I’ve lived with the land via homesteading and also replicating Stone Age living. I lived for many years on an average income of $3000/year, with most of the money spent on non-food items. I lived along the most remote mail route in the lower 48 states, where mail came once a week by jet boat on the Snake River, and it was a 3 mile walk down canyon to get it. For over 20 years, I didn’t buy meat or fish from a grocery store. I have lots of experience in hunting and gathering, both with modern tools and primitive ones.
I fully support anyone who wishes to pursue conscious hunting, fishing and gathering. Along the way, I suspect that you’ll learn just as much about yourself and humanity as you do about the plants and animals.
Here is what I’ve learned from several decades of living with the land:
Everything wants to live and everything wants to, at some level, contribute to the continuum of life. I’ve witnessed the “letting go” of many animals and plants, many while I’m holding them, and I understand the native concept that animals will “give themselves” to a hunter who is honoring.
Plants also feel and communicate. Differently than animals, but they also want to live and to be honored (connected with and receiving gratitude) and ultimately feed the continuum.
There is much to learn about one’s self by participating directly with the cycle of life and death and life again. Feel it! Hunt and gather and remember… the instincts that we all possess have developed over a time period when we all lived in balance with the land. We also were egalitarian and peaceful, almost without exception, for the long history prior to agriculture (when we first had something to fight over). By engaging your instincts, you also invite the consciousness that was present in humanity while those instincts were developing.
The world doesn’t have enough wild land for everyone to hunt and gather. While true, this is a Wal-Mart argument that seeks cheap abundance rather than quality. For the short term, let those who want to shop at Wal-Mart do so… but I’m not shopping there. I hunt and gather and I walk off the trails. The saying “Take only pictures and leave only footprints” makes nature into a museum and only re-inforces humanity’s dissociation with nature… we think that we are outside of the continuum. The focus, I believe, should be to bring humanity in balance with nature. That WON’T happen by everyone becoming vegan (and the common vegan assertion that plants don’t feel or they sit lower on a hierarchy of sentience is, IMHO, dangerous nonsense).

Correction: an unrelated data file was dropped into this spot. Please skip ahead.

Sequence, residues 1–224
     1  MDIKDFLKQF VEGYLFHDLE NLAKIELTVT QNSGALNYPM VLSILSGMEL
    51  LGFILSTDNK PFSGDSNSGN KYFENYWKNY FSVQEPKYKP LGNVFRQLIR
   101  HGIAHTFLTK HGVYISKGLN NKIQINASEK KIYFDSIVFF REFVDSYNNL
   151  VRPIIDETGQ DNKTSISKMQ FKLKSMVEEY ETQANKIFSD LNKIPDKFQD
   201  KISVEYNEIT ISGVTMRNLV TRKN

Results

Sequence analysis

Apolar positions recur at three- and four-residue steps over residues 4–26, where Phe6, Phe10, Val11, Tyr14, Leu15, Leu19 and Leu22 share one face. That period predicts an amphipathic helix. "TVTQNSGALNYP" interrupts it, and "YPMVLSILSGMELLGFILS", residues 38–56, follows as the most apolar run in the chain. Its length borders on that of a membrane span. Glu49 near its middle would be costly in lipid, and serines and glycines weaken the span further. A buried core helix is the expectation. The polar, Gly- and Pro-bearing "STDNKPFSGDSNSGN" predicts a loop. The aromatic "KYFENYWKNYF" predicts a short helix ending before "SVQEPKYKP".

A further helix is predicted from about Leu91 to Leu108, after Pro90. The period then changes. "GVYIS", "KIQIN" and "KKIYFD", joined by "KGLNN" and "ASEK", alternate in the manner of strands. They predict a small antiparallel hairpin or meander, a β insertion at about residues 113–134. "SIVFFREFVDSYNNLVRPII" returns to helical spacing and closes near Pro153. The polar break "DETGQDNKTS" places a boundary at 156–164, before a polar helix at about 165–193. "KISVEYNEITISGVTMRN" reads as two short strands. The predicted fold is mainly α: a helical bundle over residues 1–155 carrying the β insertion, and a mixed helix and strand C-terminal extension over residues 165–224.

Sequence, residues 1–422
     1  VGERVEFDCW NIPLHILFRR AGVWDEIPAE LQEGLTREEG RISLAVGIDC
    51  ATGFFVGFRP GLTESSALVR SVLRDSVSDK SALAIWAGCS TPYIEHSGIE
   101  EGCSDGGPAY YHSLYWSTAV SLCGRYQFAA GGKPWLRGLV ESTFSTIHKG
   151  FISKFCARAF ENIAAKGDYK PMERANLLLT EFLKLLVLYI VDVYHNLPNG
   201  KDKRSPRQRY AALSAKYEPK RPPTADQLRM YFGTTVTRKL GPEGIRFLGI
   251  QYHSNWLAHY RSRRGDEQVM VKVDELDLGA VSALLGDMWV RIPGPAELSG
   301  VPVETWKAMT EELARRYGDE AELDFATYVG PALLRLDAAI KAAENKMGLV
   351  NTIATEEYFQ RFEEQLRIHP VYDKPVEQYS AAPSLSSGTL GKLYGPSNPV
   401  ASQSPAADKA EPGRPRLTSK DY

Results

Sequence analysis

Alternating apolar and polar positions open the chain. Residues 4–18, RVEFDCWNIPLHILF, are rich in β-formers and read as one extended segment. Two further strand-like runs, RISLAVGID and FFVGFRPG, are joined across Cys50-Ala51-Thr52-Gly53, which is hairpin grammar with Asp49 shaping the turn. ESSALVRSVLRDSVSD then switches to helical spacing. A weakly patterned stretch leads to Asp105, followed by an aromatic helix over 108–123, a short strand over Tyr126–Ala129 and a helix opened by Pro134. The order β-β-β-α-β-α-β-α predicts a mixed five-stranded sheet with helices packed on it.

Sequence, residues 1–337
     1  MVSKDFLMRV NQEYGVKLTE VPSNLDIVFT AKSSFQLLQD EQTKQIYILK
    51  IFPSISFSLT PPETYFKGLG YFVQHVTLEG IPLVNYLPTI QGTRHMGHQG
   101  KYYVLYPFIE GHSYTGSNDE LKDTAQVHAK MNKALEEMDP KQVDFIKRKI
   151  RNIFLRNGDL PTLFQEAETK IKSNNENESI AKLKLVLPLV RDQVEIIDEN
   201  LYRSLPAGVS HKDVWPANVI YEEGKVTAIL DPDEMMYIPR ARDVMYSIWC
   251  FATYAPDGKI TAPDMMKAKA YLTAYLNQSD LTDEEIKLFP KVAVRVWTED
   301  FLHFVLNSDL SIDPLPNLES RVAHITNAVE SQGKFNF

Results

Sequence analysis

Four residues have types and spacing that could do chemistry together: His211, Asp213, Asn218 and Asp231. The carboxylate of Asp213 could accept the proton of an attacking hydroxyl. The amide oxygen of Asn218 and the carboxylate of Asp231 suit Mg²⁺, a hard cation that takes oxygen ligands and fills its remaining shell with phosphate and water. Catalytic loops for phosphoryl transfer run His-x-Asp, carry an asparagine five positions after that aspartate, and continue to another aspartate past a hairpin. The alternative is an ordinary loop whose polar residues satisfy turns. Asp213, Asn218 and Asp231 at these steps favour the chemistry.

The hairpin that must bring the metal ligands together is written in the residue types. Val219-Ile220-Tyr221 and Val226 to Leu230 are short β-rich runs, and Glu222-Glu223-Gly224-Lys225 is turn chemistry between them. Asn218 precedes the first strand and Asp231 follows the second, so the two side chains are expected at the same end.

The world is full of people. We should be reducing the human population and seeking truly sustainable living. We should also be seeking vital, open-hearted, deeply interconnected living. That means being in direct relationship with our sources of nourishment. If you don’t feel a direct relationship with whatever you’re eating, then either you shouldn’t be eating it or you’re not really hungry.
Virtually all agriculture changes the landscape to favor domestication over wildness. Something is lost in that process. To suggest that everyone should get their food from lands that no longer support wildness is incredibly arrogant. When I kill a deer from a wild place, I’m not removing the last deer. EVERY species produces more offspring than is necessary to perpetuate the species (humans, take note, I’m talking about you, too). I receive plants and animals with an awareness of those populations, so that there will always be those plants and animals in that place. Agriculture ends wild lineages. Think of human colonists that find a “new land” and kill off the locals (in the name of God and country). That is agriculture.
Yes, there are permaculture principles that can be applied to food production, and I encourage everyone to seek that. But buying organic produce is NOT sustainable or better than hunting and gathering. Raising your own food is a good step in the right direction, and also begs the questions of “Where do you get your seeds? Where do you get your fertilizer? Where does your chicken feed come from?”
Humanity NEEDS people to hunt and gather today. Just like the embedded wisdom inherent in ancient languages (also disappearing at an alarming rate) and spiritual customs, there is also embedded wisdom inherent in hunting and gathering. Someone who has never done it, never been truly hungry and felt the immense gratitude of receiving nourishment from wild plants and animals, cannot understand. But for those of us who do understand, there is wisdom we can offer to the rest of humanity, particularly about human arrogance, greed and isolationism.